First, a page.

A study published in the Marine Pollution Bulletin reports that the fibers affect the animals’ feeding and respiration, and they could even prevent some larvae from reaching adulthood. “Lobsters play a fundamental role in the Gulf of Maine ecosystem as well as the state’s economy, and it is important that we understand how pollutants impact their development.” Young lobsters grow to adulthood through four distinct developmental stages, and the researchers found that the physiology of each stage determined how the animals interacted with plastic fibers. The youngest lobsters didn’t consume them—but they were plagued by fibers accumulating under the shells that protect their gills. >click to read< 16:04

Bristol Bay Fisheries Report: July 6, 2020

The run is late this year, but it’s ramping way up across the bay. The total run passed 11 million fish yesterday, with some of the biggest harvests we’ve seen yet this season in 3 of the bay’s districts.  Total run in the bay jumped by over 3 million fish yesterday, to almost 11.5 million. Total catch bay-wide is 8.4 million, total escapement is 2.5 million, and there are an estimated 515,000 fish in-river in the bay’s combined rivers. Fish per delivery from the drift boats also jumped by an average of 500 fish per delivery bay-wide. All the districts that fished yesterday delivered more than 1,100 fish per delivery yesterday, and in Ugashik… that number was almost 2,000 fish per delivery. audio, report, >click to read< 14:39

U.S. Crustacean Market to hit $10.2 billion by 2026

The U.S. is among the biggest markets for seafood & seafood-based products and it is ever-growing due to its inherent health benefits. The growth of the seafood demand is attributed to high disposable incomes and an exponential growth of omnichannel partners. E-commerce platforms and digital distribution channels have significantly escalated the seafood market in both formats including business-to-business as well as business-to-customer operations. Many retail giants such as Walmart and Target etc. engaged in the industry has been increasing the presence on these channels to reach out to more customers and deliver high-quality & fresh products. This trend is redefining the supply chain distribution of consumer products in the region. As a result of these marketing efforts, more people are buying or preferring seafood, which will support the growth of crustaceans. >click to read< 14:09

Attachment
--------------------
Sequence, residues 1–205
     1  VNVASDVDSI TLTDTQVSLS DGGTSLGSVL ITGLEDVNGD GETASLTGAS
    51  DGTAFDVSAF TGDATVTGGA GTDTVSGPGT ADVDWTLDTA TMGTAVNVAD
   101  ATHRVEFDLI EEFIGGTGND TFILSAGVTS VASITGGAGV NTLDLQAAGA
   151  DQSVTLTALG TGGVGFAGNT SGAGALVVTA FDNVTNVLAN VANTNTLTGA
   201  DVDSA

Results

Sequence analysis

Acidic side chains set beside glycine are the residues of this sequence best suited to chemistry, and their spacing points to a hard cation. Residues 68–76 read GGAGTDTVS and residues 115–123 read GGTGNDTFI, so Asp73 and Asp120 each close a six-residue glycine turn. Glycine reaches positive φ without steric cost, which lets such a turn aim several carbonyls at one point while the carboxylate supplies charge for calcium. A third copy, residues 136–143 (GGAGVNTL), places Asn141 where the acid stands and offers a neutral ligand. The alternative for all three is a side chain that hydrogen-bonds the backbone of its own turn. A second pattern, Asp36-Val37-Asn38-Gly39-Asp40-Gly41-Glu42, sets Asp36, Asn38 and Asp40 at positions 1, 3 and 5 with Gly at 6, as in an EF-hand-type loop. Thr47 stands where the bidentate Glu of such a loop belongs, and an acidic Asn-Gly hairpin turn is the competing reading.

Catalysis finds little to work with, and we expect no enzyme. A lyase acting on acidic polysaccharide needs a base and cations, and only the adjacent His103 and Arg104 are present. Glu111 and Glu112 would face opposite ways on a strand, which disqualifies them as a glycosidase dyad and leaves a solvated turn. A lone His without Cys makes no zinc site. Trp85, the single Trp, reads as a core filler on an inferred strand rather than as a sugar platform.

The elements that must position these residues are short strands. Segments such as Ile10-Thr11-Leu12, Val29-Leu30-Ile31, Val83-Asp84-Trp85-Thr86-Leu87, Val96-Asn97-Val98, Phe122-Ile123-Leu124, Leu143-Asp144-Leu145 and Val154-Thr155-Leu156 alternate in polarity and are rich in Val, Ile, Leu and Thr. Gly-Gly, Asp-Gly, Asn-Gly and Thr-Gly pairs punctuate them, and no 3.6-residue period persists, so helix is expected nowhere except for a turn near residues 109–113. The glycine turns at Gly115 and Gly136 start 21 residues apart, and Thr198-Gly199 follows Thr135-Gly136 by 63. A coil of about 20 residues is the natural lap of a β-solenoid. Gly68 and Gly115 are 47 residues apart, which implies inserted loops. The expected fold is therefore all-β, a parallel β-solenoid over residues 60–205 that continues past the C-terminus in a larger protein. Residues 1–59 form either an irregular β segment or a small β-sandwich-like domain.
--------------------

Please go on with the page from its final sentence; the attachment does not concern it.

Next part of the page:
Inspector of marine accidents and ex-commercial fisherman Sean Friday shares his views on the challenges facing commercial fishing and his journey to the MAIB.

To mark this year’s Maritime Safety Week and the launch of the Home and Dry Campaign by the Fishing Industry Safety Group, Sean Friday, an inspector of marine accidents for 8 years, talks candidly about his journey to the MAIB and what can be done to make commercial fishing safer. Tell us about your career to date and your journey to the MAIB? Although I had always wanted to go to sea, on my father’s insistence my career began with an engineering apprenticeship as a civilian in the British Army. With this providing a good grounding I went to sea as a deckhand in the fishing industry and progressed to the role of skipper of one the UK’s largest fishing vessels. >click to read< 09:39

Most of R.I.’s calamari catch is processed in China. A local group wants to change that.

Also known as loligo, squid is Rhode Island’s most valuable fishery, worth about $28 million a year. More than 22 million pounds of squid are landed each year, most of it at the port of Galilee. But while the official appetizer of the Ocean State may arrive at a fishing port just a few miles away, most squid is shipped to the other side of the world, and all the way back again, before anyone gets to eat it. “One of the reasons that food policy councils exist, and there are some 350 food policy councils around the country, is to promote the growth and strength of local food systems,” she said. >click to read< 08:48